Google shocked the world on Monday when it quietly launched the Pixel 6 phones. Well, it wasn’t a full launch. We only got official images of the Pixel 6 and Pixel 6 Pro. We learned about the new Google custom processor called Tensor, and we got the phones’ main specs. Where will Google make the new Pixels available? What’s the asking price for the Pixel 6 and Pixel 6 Pro? We don’t have all the answers, but we know that both devices will be more expensive. That might seem like bad news, but it’s the contrary.
Google has been selling Nexus and Pixel phones unsuccessfully for years. Its devices were all exciting, considering what Google proposed. With Nexus devices, we got the promise of pure Android, high-end specs, and reasonable prices. The costs went up eventually, and Nexus turned into Pixel. That’s when we thought Google would get serious about its Android phones, but it didn’t. Maybe the Pixel 6 and Pixel 6 Pro will provide the turning point we wanted from Google.
The Pixels showed promising hardware, and Google charged quite a price for them. Even so, Google seemed to be one step behind Apple with each new generation. The only place where it challenged iPhone and other high-end Androids was the camera department. That’s where Google’s algorithms shined, turning the Pixel into one of the best cameras in town.
Where will the Pixel 6 phones launch?
But Google never made marketing the Pixel a priority. The phones had supply and/or hardware problems. And the Pixels culminated with the $700 Pixel 5 midrange phone that Google launched last year instead of the high-end Pixels fans were expecting. The price was great. The specs were poor. This wasn’t the iPhone 12 rival that fans wanted.
The Pixel 6 and Pixel 6 Pro seem to be something else. They feature a bold, high-end design, top-of-the-line specs, and a custom Google processor. Tensor gives artificial intelligence (AI) a prime placement. Hopefully, Google’s System-on-Chip (SoC) will become a great rival to the A-series and Snapdragon SoCs of the world.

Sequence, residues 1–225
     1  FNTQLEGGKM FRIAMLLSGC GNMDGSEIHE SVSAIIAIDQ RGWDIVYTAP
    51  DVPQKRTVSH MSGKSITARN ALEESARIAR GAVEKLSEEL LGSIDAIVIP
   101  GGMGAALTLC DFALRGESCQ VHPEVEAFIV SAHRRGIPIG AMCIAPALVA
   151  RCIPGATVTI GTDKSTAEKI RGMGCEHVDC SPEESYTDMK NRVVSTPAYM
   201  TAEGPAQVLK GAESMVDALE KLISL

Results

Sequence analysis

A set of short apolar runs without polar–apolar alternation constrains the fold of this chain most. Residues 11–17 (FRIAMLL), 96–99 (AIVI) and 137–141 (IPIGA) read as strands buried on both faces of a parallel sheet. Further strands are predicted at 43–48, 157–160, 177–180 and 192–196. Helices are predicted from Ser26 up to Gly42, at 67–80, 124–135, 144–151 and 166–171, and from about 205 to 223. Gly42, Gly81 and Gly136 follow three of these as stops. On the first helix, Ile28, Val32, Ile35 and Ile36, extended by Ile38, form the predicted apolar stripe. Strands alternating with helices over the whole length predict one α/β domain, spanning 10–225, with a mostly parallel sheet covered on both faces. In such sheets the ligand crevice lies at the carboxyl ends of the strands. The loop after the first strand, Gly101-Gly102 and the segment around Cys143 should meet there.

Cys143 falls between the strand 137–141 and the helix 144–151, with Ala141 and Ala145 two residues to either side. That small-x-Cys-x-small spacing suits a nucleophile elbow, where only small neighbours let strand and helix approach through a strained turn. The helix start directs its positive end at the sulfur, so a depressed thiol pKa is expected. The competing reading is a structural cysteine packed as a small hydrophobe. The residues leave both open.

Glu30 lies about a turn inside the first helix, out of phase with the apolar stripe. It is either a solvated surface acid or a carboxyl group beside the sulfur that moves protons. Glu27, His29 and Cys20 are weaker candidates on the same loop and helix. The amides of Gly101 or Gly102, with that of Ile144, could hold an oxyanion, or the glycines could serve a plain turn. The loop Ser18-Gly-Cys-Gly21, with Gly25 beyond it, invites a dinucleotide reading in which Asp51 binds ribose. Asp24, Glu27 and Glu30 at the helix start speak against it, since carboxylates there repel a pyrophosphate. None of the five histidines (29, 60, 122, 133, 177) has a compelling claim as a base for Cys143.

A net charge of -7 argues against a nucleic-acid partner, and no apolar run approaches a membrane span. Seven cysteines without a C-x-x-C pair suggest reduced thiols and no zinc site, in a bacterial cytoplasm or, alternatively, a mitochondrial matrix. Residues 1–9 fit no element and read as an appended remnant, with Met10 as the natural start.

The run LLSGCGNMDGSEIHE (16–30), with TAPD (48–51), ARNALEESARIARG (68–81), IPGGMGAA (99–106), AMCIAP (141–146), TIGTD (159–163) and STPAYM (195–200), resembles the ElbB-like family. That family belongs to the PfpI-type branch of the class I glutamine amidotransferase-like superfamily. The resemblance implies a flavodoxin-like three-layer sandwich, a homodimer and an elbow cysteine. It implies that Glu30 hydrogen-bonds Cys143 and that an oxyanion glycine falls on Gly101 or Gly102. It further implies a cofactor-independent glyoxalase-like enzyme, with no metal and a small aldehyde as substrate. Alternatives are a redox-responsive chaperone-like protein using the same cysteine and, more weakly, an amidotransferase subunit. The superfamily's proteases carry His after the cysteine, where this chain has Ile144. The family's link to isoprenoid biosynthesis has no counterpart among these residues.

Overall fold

Google sure seems like it’s finally ready to start selling Pixels. Like it means it. Even if the Pixel 6 and Pixel 6 Pro prices might not be that affordable — we’ll get to that in a second.
But Google isn’t ready to match Apple and Samsung. You can’t buy the Pixel 6 now, but we know the markets where the two handsets will launch this fall. We only have eight countries on the list, including Australia, Canada, France, Germany, Japan, Taiwan, UK, and the USA.
You can register for the Pixel 6 and Pixel 6 Pro in these countries. Buyers in other regions will have to wait.
The Pixel 6 Pro price shouldn’t scare you
Even if Pixel 6 registration is possible, Google has not revealed the Pixel 6 price. Or the Pixel 6 Pro’s, for that matter. We have no idea how much these devices will cost. But Google’s Rick Osterloh addressed the issue in an interview with German paper Der Spiegel.
The exec said that Google would only reveal the prices and release date in the fall during the launch event. When pressed on whether the new devices represent Google’s way of going after the premium share of the mobile market, Osterloh confirmed that’s the case, especially for the Pixel 6 Pro. That’s an indication that the Pro will have a higher price tag than what users might want — here’s what Osterloh had to say:
We have not been represented in the smartphone flagship segment for the past two years – and not really before that. But the Pixel 6 Pro, which will be expensive, was specially designed for users who want the latest technology. This is an important, new approach for us, and we believe that it will help us to be attractive in new market segments. But Pixel 6 also belongs to the upper segment and can keep up with the competing products. I would call it a ‘mainstream premium product.’
Why a high price tag is a good thing for Google
The Pixel 5’s mid-range hardware was an annoying surprise last year. That became obvious once Apple rolled out its iPhone 12 series. These were Apple’s first 5G handsets, and they all rocked the same tremendous A14 Bionic chip and high-end specs. And the iPhone 12 was significantly more affordable than expected, starting at $829 before carrier deals. That was a fantastic price point for a device that became the best-sold handset in the world in the coming quarters.
That’s what Google could benefit from. The Pixel 6 Pro might be the equivalent of the iPhone 13 Pro in terms of the entry price. But that would be fine as long as Google delivers the best possible technology, a great design, and an overall high-end smartphone experience. The same goes for the Pixel 6. Even if it’s more expensive than the Pixel 5 and the basic iPhone 13 models, it’ll still be an attractive device. And let’s not forget that Android phones see plenty of price cuts soon after launch.
Osterloh also said in the Spiegel interview that Google means it this time. “We believe that we now have the right products for significant growth,” he said. “We will invest a lot in marketing, sales, and supply chain.” That’s also great news for the Pixel 6 price. If Google wants to sell as many Pixel 6 and Pixel 6 Pro units it can make, it’ll have to come up with great deals for buyers.